Eve da Silva Msc, PgDip
How to make a new habit stick. Strategies psychologists want you to know.
As I write this post it is 1 January 2022
and I am contemplating the significance of the New Year. As one of my clients said to me as we planned our work for the new year “new year, new start”.
Meditation teaches us that new moment new start. The slowing down of attention to the present moment gives us a unique window into the constant, ever changing nature of experience. Life is change.
Yet, sadly, we are all subject to the changes life exerts upon us and can find that, like a person swimming against the tide, the demands life places on us can make it feel impossible to make the changes we truly want for ourselves. This is of course, partially, because we do not exist in isolation; our choices are not the only thing that matters. We are bound by the circumstances of our social context, our health, the politics of the day and the many identities we inhabit. Whether we experience regular discrimination and prejudice impacts on us greatly. Whether we experience the stress of worrying about basic financial need impacts on us greatly. Whether we are managing difficult relationships or experiencing abuse impacts on us greatly. If we have survived trauma the after effects can impact on us greatly. There is so much that influences the fundamental nature of how much stress we are under and how we are equipped to respond to that stress.
So what does that have to do with personal change? Well to make the changes we want to make in life we benefit hugely from reflecting compassionately on our circumstances. Looking back, and forward, using the wise, kind and courageous inner voice that we would use instinctively with a dear friend.
In my work as a Therapist and in my training as a Clinical Psychologist I draw on the work of Paul Gilbert, author of ‘The Compassionate Mind’ and Deborah Lee, author of ‘Recovering From Trauma Using Compassion Focussed Therapy’. It is from this work that I take the approach of compassionate mind training.
In his introduction to ‘Experiencing Compassion Focussed Therapy from the Inside Out’, Gilbert writes
Compassionate mind training also shares many features found in Eastern contem- plative traditions, such as mindfulness, groundedness, bodywork, and the cultivation of the compassionate self (in Buddhism, it’s called cultivating bodhicitta).
Deborah Lee teaches on the power of compassion to combat the debilitating nature of shame. As Brene Brown teaches in her ongoing work on shame: shame stops us on our tracks. If we are in shame, that horrible feeling that makes us feel like hiding ourselves from the world and indeed from our own awareness; changing a habit or sticking to a new plan can be almost impossible because we will simply return to habits and thoughts that help us shut down. Missing out on those meaningful changes we hope to make can sadly be a casualty of this. It’s not what we set out to do, it’s just that in shutting down, we miss the cues to do what we had committed to.
One way that many of us have developed to overcome this side effect of shame induced shut down is to switch into perfectionism. Unhelpful perfectionism can have it’s own downside, I talk about in my review of ‘The Anxious Perfectionist’.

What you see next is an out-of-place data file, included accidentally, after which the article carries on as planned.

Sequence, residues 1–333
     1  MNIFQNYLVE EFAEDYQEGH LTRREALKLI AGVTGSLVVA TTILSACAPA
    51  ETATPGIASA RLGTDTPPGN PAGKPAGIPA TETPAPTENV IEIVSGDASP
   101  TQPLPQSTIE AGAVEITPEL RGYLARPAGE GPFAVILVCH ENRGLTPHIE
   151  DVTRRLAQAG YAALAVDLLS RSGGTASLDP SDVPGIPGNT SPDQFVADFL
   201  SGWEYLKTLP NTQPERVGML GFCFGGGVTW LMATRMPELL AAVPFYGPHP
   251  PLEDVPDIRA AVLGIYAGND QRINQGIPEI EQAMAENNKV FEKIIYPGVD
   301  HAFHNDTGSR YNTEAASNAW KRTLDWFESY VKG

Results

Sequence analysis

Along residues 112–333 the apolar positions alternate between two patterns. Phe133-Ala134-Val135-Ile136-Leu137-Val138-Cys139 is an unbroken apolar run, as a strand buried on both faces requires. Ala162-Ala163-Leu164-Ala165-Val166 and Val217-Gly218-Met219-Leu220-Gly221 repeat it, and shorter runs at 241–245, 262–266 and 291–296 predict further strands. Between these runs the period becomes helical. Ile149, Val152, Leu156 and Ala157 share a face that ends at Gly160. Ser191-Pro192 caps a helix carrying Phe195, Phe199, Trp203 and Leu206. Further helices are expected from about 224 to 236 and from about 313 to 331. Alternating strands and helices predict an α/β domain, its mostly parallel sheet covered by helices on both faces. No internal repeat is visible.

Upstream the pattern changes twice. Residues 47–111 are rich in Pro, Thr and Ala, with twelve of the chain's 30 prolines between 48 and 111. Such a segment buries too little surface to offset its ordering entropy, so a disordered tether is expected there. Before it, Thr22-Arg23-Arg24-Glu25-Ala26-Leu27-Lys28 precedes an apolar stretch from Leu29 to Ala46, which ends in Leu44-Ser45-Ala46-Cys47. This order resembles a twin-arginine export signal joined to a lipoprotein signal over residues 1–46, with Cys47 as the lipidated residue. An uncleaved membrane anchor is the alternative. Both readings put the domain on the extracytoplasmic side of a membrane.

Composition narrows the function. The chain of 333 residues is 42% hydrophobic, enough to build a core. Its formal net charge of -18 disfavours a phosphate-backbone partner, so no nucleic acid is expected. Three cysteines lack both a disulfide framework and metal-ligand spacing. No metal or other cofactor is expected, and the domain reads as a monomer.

In that book the authors take readers through a step by step approach to using techniques from Acceptance and Commitment Therapy (ACT) to reduce anxiety and toxic perfectionism, whilst still getting what really matters to you done. Stephen Hayes, pioneer of ACT teaches the importance of discovering your values, reconnecting to these and becoming committed to them despite what negative thoughts or your inner critic has to say. ACT is a great approach to reducing perfectionism and still developing the discipline needed for habit change.
In both of these ‘third wave’ therapeutic approaches, we find techniques that can equip us to go about making that new start we hope for in 2022.
We learn to be courageous in our compassion, being willing to acknowledge suffering and tap into our own inner wisdom. We learn also to connect with the why of the change we want to make to make it easier to stick with it.
With any process of habit change there can be a return to previous habits or a drop of routine; that is the natural process of change. It is common and expected to pick up discipline and then stick with it. We go back and forth. A compassionate, wise mind takes an equanimous approach to setbacks; in the end detours are an inevitable, rich tapestry of the journey.
Also, the changes don’t have to happen now. They can happen at any time of your choosing. Let’s remember that the festive season can be one of the most mentally and emotionally draining times of the year. This is a time in which grief, loss, trauma and the pressure to be merry and bright coalesce in a devastating way for many people. For this reason, the pressure for New Year New Start can undermine the changes you feel are for your best good. One of the best pieces of advice I can give you, is one I took from my own Therapist when I asked her what I should do for “homework” in aid of my self improvement. “There is no homework. You told me you like to write - just write”. My advice is: there is no homework, there is no pressure. Perhaps go and do a little of what you enjoy doing.
Happy New Year